This peer exchange call summary focused on how programs are devising plans for creating a contractor revenue stream and potential fee structures.
This case study discusses BetterBuildings for Michigan's targeted outreach campaigns which applied varying incentives and outreach strategies to neighborhoods with a goal to understand which rebates and strategies work best in the target communities.
This video provides an overview of training a local workforce to meet program needs, including meeting the needs of local contractors for new hires.
In this video interview segment, Will Ranes of RePower Kitsap discusses the importance of understanding your market, including being able to speak the language of utilities and other key players.
This presentation includes the brands, website addresses, and images for most of the Better Buildings Neighborhood Program partners.
These BetterBuildings for Michigan mailers show satisfied program customers claiming they have the power to make changes and bring results by increasing the efficiency of their homes.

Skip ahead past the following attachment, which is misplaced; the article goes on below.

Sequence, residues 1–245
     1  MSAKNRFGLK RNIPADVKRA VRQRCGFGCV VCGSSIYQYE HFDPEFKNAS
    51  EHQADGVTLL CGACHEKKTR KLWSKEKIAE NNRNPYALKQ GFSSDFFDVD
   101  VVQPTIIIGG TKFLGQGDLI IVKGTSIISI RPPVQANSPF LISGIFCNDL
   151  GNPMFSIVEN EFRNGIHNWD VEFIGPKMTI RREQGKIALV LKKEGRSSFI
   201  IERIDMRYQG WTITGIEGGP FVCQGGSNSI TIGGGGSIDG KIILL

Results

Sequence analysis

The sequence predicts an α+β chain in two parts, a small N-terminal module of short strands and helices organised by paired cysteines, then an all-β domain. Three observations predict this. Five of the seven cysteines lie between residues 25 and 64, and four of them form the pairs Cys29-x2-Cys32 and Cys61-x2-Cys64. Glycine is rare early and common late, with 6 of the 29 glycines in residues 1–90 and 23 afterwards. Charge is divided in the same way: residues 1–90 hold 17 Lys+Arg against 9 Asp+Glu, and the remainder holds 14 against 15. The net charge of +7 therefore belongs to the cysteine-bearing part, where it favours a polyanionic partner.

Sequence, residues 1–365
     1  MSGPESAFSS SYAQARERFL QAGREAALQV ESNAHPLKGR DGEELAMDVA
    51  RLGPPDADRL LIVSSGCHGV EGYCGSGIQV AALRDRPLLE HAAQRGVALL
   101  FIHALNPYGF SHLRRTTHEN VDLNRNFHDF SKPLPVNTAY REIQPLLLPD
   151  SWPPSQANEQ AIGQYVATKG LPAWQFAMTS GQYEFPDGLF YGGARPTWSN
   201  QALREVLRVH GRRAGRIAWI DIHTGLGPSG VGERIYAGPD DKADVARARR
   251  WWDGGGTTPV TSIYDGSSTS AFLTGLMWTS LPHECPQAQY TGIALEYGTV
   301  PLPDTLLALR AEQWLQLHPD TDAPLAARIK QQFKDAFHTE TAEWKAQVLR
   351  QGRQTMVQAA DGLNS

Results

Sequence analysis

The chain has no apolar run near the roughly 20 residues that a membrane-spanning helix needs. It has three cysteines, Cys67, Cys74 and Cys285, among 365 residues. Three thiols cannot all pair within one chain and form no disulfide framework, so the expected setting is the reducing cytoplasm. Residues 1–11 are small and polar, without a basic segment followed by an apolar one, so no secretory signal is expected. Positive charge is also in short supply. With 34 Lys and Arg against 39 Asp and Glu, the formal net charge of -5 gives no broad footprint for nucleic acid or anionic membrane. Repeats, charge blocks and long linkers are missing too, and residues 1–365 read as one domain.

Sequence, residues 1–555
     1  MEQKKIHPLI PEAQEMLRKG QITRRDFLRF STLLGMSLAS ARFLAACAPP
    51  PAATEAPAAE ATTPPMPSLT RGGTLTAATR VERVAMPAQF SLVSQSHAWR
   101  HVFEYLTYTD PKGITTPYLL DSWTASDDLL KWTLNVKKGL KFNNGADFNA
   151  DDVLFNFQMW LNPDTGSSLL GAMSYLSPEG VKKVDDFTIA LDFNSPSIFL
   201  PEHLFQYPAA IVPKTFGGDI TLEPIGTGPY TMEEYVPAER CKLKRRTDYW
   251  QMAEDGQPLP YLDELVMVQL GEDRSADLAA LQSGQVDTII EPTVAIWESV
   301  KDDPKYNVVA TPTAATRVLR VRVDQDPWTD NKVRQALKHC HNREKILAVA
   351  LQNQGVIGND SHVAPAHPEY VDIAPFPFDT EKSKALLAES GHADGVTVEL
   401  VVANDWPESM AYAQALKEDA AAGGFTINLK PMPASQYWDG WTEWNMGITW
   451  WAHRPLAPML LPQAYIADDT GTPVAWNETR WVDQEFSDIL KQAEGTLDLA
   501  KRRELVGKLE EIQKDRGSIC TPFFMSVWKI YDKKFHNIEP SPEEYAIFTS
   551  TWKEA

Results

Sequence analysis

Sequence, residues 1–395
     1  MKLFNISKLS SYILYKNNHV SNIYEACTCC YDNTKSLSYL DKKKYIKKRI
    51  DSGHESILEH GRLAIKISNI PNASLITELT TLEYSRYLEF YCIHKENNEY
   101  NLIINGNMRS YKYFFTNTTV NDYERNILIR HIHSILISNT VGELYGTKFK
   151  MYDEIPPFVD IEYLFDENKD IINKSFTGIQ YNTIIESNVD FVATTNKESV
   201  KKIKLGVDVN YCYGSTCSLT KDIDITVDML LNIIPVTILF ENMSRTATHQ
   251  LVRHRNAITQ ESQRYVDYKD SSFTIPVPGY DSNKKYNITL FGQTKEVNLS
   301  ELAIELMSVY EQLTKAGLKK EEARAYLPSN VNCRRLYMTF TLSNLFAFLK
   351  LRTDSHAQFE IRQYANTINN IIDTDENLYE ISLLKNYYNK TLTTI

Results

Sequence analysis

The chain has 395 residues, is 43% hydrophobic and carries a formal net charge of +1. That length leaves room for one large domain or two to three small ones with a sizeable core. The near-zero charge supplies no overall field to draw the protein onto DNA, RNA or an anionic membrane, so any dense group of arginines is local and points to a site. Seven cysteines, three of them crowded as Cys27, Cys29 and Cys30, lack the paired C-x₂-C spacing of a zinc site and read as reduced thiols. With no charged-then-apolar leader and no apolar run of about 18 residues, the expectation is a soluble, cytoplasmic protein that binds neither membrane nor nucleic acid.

Financing Programs: RFP & Contract Terms and Conditions
This webcast discusses financing program RFPs and contract terms and conditions.
This document details the procedures for identifying, documenting, and responding to performance problems associated with contractors in the RePower Program in Washington. It includes example forms and a draft letter to contractors.
This peer exchange call summary focused on what energy efficiency programs are doing to target low- and moderate-income households.